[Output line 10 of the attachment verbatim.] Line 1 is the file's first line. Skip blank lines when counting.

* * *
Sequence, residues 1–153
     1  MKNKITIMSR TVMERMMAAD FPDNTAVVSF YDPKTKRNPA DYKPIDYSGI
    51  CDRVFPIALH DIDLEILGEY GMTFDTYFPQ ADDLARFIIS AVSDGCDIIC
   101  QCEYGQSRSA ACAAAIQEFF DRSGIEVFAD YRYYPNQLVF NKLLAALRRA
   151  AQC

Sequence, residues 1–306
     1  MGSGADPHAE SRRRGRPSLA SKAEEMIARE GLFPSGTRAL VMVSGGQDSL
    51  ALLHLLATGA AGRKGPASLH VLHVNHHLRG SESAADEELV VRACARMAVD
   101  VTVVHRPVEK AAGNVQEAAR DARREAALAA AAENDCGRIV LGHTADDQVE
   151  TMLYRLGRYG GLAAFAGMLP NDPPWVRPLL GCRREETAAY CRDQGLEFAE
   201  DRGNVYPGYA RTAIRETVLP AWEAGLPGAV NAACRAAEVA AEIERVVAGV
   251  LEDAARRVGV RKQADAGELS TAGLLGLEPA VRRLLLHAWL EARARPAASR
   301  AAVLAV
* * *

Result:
   151  TMLYRLGRYG GLAAFAGMLP NDPPWVRPLL GCRREETAAY CRDQGLEFAE